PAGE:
OBD - On-Board Diagnostic Program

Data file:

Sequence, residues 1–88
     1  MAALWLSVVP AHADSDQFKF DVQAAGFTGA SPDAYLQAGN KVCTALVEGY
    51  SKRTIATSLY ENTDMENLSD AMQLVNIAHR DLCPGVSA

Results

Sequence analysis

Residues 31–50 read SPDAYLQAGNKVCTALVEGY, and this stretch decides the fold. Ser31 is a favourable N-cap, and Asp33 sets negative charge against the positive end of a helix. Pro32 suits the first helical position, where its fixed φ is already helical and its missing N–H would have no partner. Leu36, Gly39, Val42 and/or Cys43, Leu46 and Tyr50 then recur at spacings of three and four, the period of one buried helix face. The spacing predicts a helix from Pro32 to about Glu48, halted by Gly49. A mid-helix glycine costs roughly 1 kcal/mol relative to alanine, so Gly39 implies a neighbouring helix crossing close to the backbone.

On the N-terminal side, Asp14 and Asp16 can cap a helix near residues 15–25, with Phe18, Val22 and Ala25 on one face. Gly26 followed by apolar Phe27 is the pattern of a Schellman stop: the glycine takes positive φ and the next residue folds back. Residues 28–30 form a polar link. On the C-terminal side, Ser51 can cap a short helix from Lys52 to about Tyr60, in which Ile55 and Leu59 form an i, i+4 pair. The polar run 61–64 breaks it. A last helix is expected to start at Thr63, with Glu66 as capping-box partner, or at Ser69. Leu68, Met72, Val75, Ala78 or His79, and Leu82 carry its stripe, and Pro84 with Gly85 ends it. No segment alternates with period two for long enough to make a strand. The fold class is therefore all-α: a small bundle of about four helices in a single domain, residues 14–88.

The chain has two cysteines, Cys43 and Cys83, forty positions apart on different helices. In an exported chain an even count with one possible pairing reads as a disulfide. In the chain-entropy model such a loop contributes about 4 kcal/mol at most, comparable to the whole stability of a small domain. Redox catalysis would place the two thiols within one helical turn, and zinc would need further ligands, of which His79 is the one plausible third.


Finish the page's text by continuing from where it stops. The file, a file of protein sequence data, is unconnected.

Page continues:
On-Board Diagnostic (OBD) systems are self-diagnostic systems incorporated into the computers of vehicles. The OBD system monitors virtually every component that can affect the emission performance of the vehicle to ensure that the vehicle remains as clean as possible over its entire life. If a problem with an emissions-related component is detected, the OBD system illuminates a warning lamp on the vehicle instrument panel to alert the driver. The system will also store important information about the detected malfunction so that a repair technician can accurately find and fix the problem. Nearly all 1996 and newer vehicles less than 14,000 lbs. (e.g., passenger cars, pickup trucks, sport utility vehicles) are equipped with OBD II systems, which are California's second generation of light- and medium-duty OBD requirements. Heavy-duty vehicles over 14,000 lbs. have also been equipped with OBD (heavy-duty OBD or HD OBD) systems starting with the 2010 model year. Many states currently use the OBD system as the basis for passing and failing vehicles in their inspection and maintenance programs (e.g., California’s Smog Check program). HD OBD is also expected to be incorporated as part of any heavy-duty inspection and maintenance program that is developed in the future. CARB develops the OBD system regulations for vehicles sold in California and certifies these OBD systems to ensure they are meeting these OBD system requirements.